VA school district to allow student absences from classes to protest

Happy New Year, kids! Fairfax County Public Schools in Northern Virginia will enact a new policy on January 27, 2020, which allows school students to skip school to protest.

So it begins. Fairfax County Public Schools system is one of the nation’s largest with approximately 188,000 students. With close proximity to Washington, D.C., it doesn’t take much imagination to understand where the students will be protesting. It is being touted as the first school district in the nation to incorporate this policy. The policy allows students in seventh through 12th grades to have one excused absence each school year for “civic engagement activities”.

Though the definition of civic engagement activities is vague at this point as described by spokeswoman Lucy Caldwell, Fairfax School Board member Ryan McElveen, who introduced the policy gave some examples that will be considered excusable absences – marches, sit-ins or trips to Richmond to lobby legislators. McElveen admits this is just the beginning of things to come.

“I think we’re setting the stage for the rest of the nation with this,” he said. “It’s a dawning of a new day in student activism, and school systems everywhere are going to have to be responsive to it.”

No, Mr. McElveen, school systems everywhere are not going to have to be responsive to it. Lots of protests are held on weekends to allow more people to join in. Allowing middle school and high school students to skip classes to go protest somewhere off campus is not an acceptable field trip. Not only is it an escalation of liberal indoctrination in the classroom but it is a public safety matter, too. What happens when the child is hurt in a crowd or is arrested? Why encourage that?

An article in the Washington Post criticizes conservatives for not welcoming the escalation of liberal indoctrination. Apparently it is odd that conservatives expect that their children are educated in the classroom, not dismissed and allowed to join a protest.

The controversy shows that the hyperpartisan sniping dominating America’s political stage has seeped into the nation’s school systems, said Meira Levinson, a Harvard University professor who studies education. Schools throughout the country are reckoning with a disturbing new reality, Levinson said: Every move by administrators and students, no matter how anodyne, is swiftly interpreted as a “win” or a “loss” for the right or the left.

“Each side is so suspicious of the other that it’s become very hard for adults to trust what’s happening in schools is legitimate, if the other side seems to be ‘winning,’ ” Levinson said. “We’re all always looking for what’s the political agenda — and that’s why, with this new policy in Fairfax County, there’s going to be contestation about it.”

Yes, our country is in the throes of hyperpartisanship. What Levinson doesn’t say, though, is that politicizing the education of our children escalates the hyperpartisanship. Conservatives support school choice for this very reason – for the last generation or two, liberal agendas have taken over the education process. This is evident in today’s young voters and their ready acceptance of socialism, for example.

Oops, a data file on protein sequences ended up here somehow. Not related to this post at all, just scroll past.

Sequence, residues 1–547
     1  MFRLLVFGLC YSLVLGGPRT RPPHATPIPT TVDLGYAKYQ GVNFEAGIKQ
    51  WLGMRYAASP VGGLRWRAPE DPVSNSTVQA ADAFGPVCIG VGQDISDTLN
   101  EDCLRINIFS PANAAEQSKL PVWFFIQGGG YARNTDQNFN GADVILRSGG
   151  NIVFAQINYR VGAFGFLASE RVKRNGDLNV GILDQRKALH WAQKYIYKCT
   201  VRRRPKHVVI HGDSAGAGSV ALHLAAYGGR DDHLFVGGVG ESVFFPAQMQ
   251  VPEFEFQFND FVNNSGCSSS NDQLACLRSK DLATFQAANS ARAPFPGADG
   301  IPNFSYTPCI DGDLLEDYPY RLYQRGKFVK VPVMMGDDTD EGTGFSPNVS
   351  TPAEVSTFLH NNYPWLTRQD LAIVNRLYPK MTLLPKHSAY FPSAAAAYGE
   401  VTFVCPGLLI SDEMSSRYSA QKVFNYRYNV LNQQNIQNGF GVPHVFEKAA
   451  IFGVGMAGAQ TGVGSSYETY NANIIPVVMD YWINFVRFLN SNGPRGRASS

The popularity of Greta Thunberg and the cultish support of her by young people and manipulative adults (like 82-year-old Jane Fonda) began with her Fridays for Future movement. She encourages school students around the world to skip school on Fridays and take to the streets in protests over climate change. This brand of environmental alarmism earned the Swedish teenager a TIME Person of the Year award, among others. There is no doubt that this action being taken by the Fairfax County school district originates with a nod to Thunberg’s movement.

The article in WaPo also mentions that it is mostly liberals, not conservatives, who participate in protests. That’s true. Conservatives expect their kids to receive an education in school – in classrooms – and conservative adults are usually at work during the day. Liberals seem to have more free time on their hands. It is the inclusion of children, though, that is the reason for objections with this policy. Conservatives know that political indoctrination is a one-party exercise in public schools. Are we to think that kids will be chanting and marching in favor of pro-life legislation or gun rights or against the Green New Deal initiative?

The guidelines of the new policy are lax, to say the least. It is wishy-washy nonsense.

Under the guidelines, students must fill out a form at least two days ahead of their planned absence that explains the reason they plan to miss school, McElveen said. They must obtain permission from a parent or guardian, and they must stop by their school campus at least once on the day of their excused absence — a measure adopted to address worries about accreditation, McElveen said.

But the teenagers do not need administrators’ sign-off, McElveen said. Although front office staff at each school — most likely an assistant principal — will glance over a student’s request, school officials can’t veto it, McElveen said. Instead, if a reviewer finds the stated reason for skipping school troubling, a regional assistant superintendent can be alerted and may intervene — but possibly after the protest.

The built-in bureaucratic delay is purposeful, McElveen said.

“There is no strong definition of a ‘civic engagement’ activity,” he said, “because I think we have to be careful not to pick and choose activities.”

The last burst of protesting from conservative-leaning people was during the Tea Party movement. Those rallies were mostly held on weekends, though, and were not disruptive to the lives of regular people. Giving children an excuse to skip school and protest left-wing causes is a liberal idea.

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